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Impact Evaluation of National Writing Project SEED Program
SRI is conducting a randomized controlled trial to examine changes in teacher professional development and student writing across a national sample of elementary schools.
For the Meeting Challenging Writing Standards in High-Need Schools evaluation, SRI Education conducted a randomized controlled trial to estimate the effects of Supporting Effective Educator Development (SEED) professional development on teachers’ writing instruction and student argument writing across a national sample of elementary schools.
Adoption of the Common Core State Standards in English Language Arts (CCSS-ELA) has brought a new prominence to writing instruction. Additionally, the CCSS-ELA increase the focus on argument and informational/explanatory writing. To facilitate elementary teachers’ transition to this new emphasis on writing in general, and on argument and informational writing specifically, the National Writing Project was awarded a one-year U.S. Department of Education SEED grant. Through the SEED grant, the National Writing Project supported its local Writing Project sites in offering intensive and sustained professional development during the 2012–2013 academic year. The professional development was for teachers in grades 3 through 5 in high-need schools.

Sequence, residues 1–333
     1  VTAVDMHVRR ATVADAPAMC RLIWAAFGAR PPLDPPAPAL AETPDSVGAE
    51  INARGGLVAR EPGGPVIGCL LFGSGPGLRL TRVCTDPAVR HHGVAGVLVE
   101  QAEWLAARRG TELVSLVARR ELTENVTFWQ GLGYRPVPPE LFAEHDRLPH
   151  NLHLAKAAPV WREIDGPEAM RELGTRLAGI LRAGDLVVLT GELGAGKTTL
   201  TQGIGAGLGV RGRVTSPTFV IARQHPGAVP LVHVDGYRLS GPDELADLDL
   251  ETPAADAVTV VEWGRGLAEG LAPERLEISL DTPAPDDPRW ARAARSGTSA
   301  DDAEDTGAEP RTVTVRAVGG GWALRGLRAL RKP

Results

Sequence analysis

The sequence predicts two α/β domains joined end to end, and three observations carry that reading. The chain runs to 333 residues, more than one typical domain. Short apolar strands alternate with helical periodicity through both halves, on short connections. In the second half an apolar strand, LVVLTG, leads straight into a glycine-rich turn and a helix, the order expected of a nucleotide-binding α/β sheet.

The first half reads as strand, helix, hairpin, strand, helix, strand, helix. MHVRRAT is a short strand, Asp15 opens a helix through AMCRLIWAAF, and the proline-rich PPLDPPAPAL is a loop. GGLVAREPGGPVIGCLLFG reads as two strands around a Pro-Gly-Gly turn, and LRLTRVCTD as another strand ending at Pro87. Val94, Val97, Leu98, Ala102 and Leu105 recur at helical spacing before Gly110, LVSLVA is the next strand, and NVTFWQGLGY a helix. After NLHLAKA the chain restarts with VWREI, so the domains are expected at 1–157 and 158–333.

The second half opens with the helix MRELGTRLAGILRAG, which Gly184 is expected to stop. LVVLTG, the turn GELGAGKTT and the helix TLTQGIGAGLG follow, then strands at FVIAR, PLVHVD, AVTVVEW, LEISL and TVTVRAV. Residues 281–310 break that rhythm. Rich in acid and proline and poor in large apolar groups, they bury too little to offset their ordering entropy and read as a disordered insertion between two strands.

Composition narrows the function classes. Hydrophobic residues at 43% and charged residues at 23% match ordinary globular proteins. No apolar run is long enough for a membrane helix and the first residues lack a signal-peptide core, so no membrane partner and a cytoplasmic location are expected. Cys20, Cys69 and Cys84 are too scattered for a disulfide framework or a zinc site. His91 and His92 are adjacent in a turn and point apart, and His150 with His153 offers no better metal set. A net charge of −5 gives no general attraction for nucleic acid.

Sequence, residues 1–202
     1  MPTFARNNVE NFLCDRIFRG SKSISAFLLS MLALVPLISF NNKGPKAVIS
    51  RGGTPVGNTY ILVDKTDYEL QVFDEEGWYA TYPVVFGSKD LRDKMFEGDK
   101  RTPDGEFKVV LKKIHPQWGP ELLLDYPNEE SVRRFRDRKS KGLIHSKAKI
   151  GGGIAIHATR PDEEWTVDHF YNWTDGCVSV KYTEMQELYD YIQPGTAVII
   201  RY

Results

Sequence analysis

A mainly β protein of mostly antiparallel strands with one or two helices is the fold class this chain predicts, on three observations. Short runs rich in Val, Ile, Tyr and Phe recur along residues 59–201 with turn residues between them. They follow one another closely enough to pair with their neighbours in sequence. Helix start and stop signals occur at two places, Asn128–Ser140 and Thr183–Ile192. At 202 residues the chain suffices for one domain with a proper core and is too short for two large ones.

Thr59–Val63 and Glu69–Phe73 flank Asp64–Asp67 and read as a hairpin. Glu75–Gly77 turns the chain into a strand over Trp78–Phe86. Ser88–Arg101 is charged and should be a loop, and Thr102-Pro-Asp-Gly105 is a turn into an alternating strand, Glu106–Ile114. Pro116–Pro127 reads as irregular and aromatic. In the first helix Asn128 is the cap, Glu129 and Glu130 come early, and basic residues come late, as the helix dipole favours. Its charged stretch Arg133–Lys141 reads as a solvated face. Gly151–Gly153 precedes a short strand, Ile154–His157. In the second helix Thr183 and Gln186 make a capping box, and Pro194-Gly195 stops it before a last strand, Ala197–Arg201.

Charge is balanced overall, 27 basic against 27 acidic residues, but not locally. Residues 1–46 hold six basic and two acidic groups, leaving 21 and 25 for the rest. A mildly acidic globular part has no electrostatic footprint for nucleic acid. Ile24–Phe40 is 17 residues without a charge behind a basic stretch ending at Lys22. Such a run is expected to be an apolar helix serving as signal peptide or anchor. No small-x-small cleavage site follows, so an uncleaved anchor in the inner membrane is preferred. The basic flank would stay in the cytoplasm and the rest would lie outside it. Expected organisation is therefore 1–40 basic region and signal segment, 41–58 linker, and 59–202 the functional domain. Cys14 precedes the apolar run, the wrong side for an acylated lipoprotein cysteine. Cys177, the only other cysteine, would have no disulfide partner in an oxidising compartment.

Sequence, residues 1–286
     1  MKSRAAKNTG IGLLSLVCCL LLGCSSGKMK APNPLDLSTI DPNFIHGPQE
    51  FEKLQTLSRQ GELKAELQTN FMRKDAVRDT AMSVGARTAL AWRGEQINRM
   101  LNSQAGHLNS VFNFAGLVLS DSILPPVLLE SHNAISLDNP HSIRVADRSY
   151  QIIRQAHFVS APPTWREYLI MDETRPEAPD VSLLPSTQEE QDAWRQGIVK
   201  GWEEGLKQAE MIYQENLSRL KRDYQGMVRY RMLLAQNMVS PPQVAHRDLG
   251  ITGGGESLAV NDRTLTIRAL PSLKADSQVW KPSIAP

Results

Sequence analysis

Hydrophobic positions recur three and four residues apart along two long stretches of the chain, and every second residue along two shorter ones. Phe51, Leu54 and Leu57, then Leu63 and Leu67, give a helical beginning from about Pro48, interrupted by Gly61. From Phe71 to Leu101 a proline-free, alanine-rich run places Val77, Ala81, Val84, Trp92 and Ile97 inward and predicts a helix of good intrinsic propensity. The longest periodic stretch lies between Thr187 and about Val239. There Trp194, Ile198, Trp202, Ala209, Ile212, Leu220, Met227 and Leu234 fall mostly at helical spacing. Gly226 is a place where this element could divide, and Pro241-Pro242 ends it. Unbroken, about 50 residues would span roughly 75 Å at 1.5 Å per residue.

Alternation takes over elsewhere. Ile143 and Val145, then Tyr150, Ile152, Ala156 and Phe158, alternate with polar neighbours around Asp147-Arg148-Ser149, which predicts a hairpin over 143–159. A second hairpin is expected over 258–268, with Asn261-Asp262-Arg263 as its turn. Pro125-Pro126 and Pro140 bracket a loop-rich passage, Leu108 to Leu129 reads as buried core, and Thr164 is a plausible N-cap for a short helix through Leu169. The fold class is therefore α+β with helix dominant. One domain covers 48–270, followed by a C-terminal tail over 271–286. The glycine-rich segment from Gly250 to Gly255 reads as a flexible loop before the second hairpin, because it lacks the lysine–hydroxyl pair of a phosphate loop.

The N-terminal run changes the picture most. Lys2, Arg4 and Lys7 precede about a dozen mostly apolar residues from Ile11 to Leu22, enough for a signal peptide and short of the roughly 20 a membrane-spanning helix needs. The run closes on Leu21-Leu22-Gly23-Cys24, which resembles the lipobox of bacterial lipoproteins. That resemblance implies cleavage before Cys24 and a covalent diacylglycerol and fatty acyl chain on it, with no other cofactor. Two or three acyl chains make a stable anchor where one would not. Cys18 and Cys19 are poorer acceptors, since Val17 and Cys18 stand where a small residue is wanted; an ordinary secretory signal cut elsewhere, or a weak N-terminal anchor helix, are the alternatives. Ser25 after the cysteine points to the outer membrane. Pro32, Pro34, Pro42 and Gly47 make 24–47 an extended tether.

As the grant’s evaluators, SRI Education conducted a cluster randomized controlled trial to estimate the effects of the SEED professional development on teachers’ writing instruction and student argument writing in a national sample of high-need elementary schools. The evaluation also documented the implementation of the SEED program and the contexts in which the program was executed. To collect information on implementation and changes in instructional practice, we conducted telephone and in-person interviews with professional development providers, teachers, and school leaders; administered a teacher survey; gathered data on the intensity and focus of the professional development; and observed professional development events. Student outcomes were measured by responses to on-demand writing prompts.
Through this mixed-methods approach, SRI triangulated data on program implementation, understood contextual factors that influenced implementation, and assessed the impact of the program on teachers and students.